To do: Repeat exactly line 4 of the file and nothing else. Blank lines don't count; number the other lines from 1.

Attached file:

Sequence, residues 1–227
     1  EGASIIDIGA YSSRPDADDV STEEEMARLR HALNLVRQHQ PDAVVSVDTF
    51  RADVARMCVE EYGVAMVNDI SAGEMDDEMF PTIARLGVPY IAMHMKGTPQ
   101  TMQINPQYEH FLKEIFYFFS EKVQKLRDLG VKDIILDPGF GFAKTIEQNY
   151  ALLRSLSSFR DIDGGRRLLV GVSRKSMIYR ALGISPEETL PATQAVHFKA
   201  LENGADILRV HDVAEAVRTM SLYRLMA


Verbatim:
   101  TMQINPQYEH FLKEIFYFFS EKVQKLRDLG VKDIILDPGF GFAKTIEQNY